New $50 Bright Future Booster, in addition to $100 starter deposits, benefits babies born to mothers enrolled in WIC program. Program still does not use any taxpayer dollars.
Harrisburg, PA - Pennsylvania Treasurer Joe Torsella today announced the new Bright Future Booster for the Keystone Scholars program. The additional automatic $50 deposit will benefit all Pennsylvania babies born to mothers enrolled in the Special Supplemental Nutrition Program for Women, Infants and Children (WIC) from January 2021 through June of 2021. This $50 for WIC families is in addition to the $100 Keystone Scholars starter deposit available to every baby born to or adopted by a Pennsylvania family to jumpstart savings for postsecondary career or college education.
“Every child in Pennsylvania deserves a bright future, and every child deserves the same chances to get ahead. This new Bright Future Booster helps get a little further in working to address inequities and to promote wealth-building for financially disadvantaged families. Research shows having an account in a child’s name greatly increases their chances of postsecondary education attainment. Keystone Scholars starter deposits let every child know the Commonwealth believes in them and has their back. I’m so proud that, with bipartisan support, Pennsylvania became the first state to legislate this groundbreaking program. And so proud that today, we’ve become the first state to automatically target deposits to help lift low-income families.”
Pennsylvania State Treasurer, Joe Torsella
The Keystone Scholars legislation was sponsored by Senators John Gordner and Vincent Hughes along with former Representative Duane Milne and signed into law in 2018, establishing Pennsylvania as the first state to legislate a universal opt-out savings program for children at birth — making $100 starter deposits into PA 529 College and Career Savings Program plans available to every baby born to Pennsylvania families starting in 2019. While targeted deposit programs have been experimented with at the local level, this expansion of Keystone Scholars would make Pennsylvania the first state to do so. The targeted deposits are being funded by philanthropic contributions, and Torsella has proposed legislation to the General Assembly that would enable their continuation past the six-month pilot period, also at no cost to the Commonwealth’s General Fund.
The goal of this new targeted deposit pilot is to demonstrate Treasury’s ability to offer these additional targeted deposits, to monitor their impact, and to increase outreach and build awareness of the Keystone Scholars program among low-income families. This new element of Keystone Scholars is designed to help narrow the gap between advantaged and disadvantaged children and to increase equality in the ability to pursue postsecondary education.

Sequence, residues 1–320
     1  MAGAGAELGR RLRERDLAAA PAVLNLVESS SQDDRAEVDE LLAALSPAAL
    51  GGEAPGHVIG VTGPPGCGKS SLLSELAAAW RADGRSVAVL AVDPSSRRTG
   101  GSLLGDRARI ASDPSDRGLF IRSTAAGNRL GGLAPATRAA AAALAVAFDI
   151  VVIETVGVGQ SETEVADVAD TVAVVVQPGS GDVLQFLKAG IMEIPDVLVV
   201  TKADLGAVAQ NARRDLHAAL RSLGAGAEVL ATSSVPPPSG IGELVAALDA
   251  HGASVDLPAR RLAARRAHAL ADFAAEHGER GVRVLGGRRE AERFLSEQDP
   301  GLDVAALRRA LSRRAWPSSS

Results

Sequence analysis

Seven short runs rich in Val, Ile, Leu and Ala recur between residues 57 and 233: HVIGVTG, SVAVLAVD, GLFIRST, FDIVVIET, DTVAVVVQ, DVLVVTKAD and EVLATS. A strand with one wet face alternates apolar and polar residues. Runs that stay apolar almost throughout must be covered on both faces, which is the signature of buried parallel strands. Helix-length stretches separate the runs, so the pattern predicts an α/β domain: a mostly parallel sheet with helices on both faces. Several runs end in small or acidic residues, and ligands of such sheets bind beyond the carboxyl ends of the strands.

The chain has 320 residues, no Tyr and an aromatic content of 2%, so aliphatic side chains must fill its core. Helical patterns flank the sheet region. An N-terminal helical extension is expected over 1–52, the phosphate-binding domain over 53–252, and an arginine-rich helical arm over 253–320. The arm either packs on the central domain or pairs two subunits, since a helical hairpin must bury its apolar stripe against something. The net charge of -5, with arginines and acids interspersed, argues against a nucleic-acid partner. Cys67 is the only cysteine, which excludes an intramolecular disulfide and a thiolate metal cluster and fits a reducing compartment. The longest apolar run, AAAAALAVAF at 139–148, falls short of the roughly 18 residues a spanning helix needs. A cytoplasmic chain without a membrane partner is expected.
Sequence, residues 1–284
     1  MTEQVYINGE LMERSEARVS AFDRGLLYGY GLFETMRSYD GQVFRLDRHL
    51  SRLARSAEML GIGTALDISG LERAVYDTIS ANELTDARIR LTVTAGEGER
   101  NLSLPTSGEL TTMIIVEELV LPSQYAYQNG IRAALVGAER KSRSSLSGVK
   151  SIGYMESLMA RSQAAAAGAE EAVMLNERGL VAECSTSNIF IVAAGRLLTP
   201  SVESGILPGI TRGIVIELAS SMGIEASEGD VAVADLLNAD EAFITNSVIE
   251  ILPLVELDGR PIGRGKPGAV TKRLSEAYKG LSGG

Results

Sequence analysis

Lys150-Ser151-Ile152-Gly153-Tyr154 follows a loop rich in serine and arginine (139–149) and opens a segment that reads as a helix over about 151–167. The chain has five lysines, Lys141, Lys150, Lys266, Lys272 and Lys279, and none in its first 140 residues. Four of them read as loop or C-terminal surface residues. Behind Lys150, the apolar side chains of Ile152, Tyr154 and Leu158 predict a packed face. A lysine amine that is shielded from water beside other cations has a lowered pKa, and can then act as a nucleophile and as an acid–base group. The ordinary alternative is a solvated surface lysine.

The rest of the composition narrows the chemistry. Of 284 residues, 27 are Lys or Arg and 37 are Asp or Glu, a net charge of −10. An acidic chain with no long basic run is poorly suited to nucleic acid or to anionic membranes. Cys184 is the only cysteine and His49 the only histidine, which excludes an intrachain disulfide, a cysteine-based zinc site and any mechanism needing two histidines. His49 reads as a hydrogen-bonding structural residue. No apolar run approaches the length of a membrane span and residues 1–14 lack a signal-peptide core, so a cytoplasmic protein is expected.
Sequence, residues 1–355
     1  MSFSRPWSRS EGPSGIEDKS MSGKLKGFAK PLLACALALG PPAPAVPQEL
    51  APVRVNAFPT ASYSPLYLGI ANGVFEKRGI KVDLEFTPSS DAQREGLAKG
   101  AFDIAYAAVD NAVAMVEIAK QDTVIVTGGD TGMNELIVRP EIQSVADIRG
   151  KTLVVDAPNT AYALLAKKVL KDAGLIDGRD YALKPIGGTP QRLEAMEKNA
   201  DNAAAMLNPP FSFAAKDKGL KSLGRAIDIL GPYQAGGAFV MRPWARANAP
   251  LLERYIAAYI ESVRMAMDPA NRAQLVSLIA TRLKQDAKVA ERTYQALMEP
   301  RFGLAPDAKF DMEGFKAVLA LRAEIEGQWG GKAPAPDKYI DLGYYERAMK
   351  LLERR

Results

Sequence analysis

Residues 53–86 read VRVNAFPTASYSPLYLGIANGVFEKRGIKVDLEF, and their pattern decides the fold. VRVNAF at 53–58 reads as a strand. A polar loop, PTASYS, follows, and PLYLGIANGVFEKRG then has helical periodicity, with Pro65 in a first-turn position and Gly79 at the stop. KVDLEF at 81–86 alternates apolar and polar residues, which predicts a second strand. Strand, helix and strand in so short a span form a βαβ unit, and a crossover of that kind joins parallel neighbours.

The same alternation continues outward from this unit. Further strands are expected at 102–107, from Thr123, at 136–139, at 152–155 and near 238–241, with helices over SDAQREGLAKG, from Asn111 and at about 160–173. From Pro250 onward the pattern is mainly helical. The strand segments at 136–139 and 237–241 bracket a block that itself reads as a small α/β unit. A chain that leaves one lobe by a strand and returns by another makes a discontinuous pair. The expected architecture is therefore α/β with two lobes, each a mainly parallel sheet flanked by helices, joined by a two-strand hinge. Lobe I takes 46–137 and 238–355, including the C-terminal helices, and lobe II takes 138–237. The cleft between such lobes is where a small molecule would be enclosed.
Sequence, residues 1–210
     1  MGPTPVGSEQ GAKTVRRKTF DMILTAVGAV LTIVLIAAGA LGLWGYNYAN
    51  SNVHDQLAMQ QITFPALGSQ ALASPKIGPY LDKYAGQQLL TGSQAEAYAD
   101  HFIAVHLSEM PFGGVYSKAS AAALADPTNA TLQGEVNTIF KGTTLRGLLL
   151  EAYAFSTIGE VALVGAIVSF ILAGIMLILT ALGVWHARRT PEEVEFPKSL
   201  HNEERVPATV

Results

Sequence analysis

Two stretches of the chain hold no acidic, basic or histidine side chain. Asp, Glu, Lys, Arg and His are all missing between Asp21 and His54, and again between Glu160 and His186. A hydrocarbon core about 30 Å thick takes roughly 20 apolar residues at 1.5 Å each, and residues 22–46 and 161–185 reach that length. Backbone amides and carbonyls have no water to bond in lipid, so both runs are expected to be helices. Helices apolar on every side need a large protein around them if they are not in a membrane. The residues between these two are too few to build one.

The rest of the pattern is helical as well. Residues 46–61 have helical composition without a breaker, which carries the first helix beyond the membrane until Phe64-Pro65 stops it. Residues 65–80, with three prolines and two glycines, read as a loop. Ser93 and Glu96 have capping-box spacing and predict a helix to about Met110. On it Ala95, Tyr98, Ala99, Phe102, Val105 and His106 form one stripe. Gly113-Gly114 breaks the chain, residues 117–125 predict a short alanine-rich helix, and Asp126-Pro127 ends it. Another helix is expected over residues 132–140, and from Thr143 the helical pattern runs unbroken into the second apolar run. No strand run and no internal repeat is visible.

Keystone Scholars is a Child Development Account or CDA. Experts in CDA design recommend ten key elements be part of a successful program including: universal eligibility, automatic enrollment, at-birth start, automatic initial deposit, automatic progressive subsidy, centralized savings plan, investment growth potential, targeted investment options, restricted withdrawals, and means-tested public benefit exclusions. Keystone Scholars legislation authorizes all ten elements, and the automatic progressive subsidy is the only piece not yet in operation, until now.
The estimated total cost of the 6 month pilot is approximately $700,000 and will be funded by philanthropic donations and a monetary award from a settlement in which Treasury was the lead plaintiff. It will use no taxpayer dollars. Eligible babies will be identified through birth record data already provided to Treasury by the Pennsylvania Department of Health for the Keystone Scholars program.
“I am very grateful to the legislative leaders who helped make Keystone Scholars a reality, and to the generous philanthropists – The Heinz Endowments, Henry L. Hillman Foundation, Neubauer Family Foundation, and the Richard King Mellon Foundation – who have continued our innovations in this important program.”
Pennsylvania State Treasurer, Joe Torsella
In 2018, Treasury administered a pilot version of Keystone Scholars that was available to babies born in six counties. An external evaluation of the year-long pilot revealed families in all demographics in participating counties were twice as likely to open a PA 529 account for their child in the first year of life than those in other counties. Families can open and contribute to a PA 529 for children of any age at any time with just $10.
Treasury’s PA Savings Pledge is a partnership with Fund My Future and offers prize-based incentives to promote savings for children from birth to 18 years of age. Families can save as little as $1 in a qualifying account to be eligible for monthly prizes.